It would be nice to think that this is just a curious lapse from Corbyn but the truth is that it isn’t. He has been ambivalent about the EU from the start because he recognises it as a project of the liberal political centre and he thinks that he needs to be free of it if he is going to establish a socialist Britain. Leave aside for a moment whether he is right or wrong on this and whether it is a desirable thing to achieve. Ask instead a different question. Is this the kind of thinking that reflects an understanding of where the world is heading in the next 20 years? Does Corbyn’s political philosophy offer evidence of understanding the amount of new and radical thinking that is going to be needed to deal with an economy built around robotics, bioengineering, small decentralised energy generation, online employment, de-plasticisation of society, and a circular economy? Does he understand that the central battle of the next 20 to 30 years is about human and planetary survival in the face of a global environmental crisis and the need to find ways of globally managing a global economy, a global society and a global ecology?
My answer is a resounding no. To me Corbyn comes across as still putting forward the Alternative Economic Strategy of 1970 without adding much if any new thinking. A bit of lip service to ecology. A bit of lip service to women. But let’s get on with the serious working class stuff first.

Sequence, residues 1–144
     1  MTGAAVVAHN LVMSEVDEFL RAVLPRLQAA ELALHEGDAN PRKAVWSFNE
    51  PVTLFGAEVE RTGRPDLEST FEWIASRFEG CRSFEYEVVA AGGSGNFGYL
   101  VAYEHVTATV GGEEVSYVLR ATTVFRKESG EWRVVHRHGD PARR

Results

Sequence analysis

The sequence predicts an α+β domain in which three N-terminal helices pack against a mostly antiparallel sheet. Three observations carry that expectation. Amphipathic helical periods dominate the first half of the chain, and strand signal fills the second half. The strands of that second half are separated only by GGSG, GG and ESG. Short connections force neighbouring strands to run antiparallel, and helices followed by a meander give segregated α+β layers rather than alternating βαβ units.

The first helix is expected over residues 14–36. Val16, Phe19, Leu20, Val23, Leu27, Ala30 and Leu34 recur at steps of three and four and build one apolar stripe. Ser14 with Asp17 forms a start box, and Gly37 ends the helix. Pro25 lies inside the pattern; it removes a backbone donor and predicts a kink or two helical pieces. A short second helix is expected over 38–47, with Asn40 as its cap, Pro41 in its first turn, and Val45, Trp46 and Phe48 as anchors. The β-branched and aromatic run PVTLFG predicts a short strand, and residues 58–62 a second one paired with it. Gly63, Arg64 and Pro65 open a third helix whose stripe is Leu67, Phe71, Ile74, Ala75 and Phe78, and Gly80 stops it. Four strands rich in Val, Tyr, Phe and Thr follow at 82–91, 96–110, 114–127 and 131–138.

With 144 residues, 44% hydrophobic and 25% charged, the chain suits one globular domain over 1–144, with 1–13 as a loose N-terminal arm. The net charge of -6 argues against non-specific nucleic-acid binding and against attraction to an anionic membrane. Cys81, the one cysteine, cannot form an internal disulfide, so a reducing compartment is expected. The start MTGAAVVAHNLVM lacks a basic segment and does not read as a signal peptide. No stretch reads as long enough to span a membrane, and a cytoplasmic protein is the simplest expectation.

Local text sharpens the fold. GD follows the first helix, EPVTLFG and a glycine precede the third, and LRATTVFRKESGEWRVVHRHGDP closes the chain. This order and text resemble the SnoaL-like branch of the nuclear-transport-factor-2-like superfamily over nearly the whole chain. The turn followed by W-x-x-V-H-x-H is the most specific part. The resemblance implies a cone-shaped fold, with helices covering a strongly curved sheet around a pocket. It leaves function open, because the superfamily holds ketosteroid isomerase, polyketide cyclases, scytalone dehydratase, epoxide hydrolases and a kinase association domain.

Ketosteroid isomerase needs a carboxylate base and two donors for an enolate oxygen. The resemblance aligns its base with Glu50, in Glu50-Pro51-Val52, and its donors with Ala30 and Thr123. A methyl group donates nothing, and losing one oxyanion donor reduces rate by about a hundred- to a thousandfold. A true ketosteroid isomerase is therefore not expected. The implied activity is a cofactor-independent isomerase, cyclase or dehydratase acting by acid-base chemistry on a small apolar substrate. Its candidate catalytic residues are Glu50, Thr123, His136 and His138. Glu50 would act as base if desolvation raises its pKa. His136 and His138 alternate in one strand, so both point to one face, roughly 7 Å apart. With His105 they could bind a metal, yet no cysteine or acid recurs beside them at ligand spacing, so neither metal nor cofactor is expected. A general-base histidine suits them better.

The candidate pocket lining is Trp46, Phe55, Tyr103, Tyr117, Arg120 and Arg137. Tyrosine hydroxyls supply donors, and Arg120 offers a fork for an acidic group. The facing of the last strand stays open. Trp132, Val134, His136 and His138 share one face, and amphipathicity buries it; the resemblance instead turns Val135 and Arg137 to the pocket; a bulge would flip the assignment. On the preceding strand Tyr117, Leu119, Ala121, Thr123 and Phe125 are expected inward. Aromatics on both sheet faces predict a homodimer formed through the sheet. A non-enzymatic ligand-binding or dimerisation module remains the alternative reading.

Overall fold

I think we need better than that and we need it fast. I am worried stiff that he is going to saddle us with a bad Brexit because of weak and inconsistent opposition to it. I am worried that he is going to lose the next election because he isn’t articulating a sufficiently forward looking vision. I am worried that if he does get in he is going to mess up because he’ll be handling post Brexit chaos without the intellectual analysis that is needed to have any serious chance of steering our way through it.
We need better than this. Some of the new thinking we need is in evidence within the Labour Party. Whenever it comes to the fore it is important to support it and to strike alliances on the ground to work together on common issues. The same is true of the Liberal Democrats. And some of the determined and honest Remain Conservatives. It is true of a lot more people in the Green Party, in the SDP and in Plaid. I continue to believe that the current ecological, social, economic and technological crisis is so dramatic that we can’t afford to think and act from within political tribes and that we need to strike alliances with anyone who is prepared to think with an open mind about what it will be necessary to do to adapt. We are in a battle with reaction to change that is particularly vicious and ugly. We are not going to win that battle by insisting that everyone shuts up and gets behind Corbyn uncritically.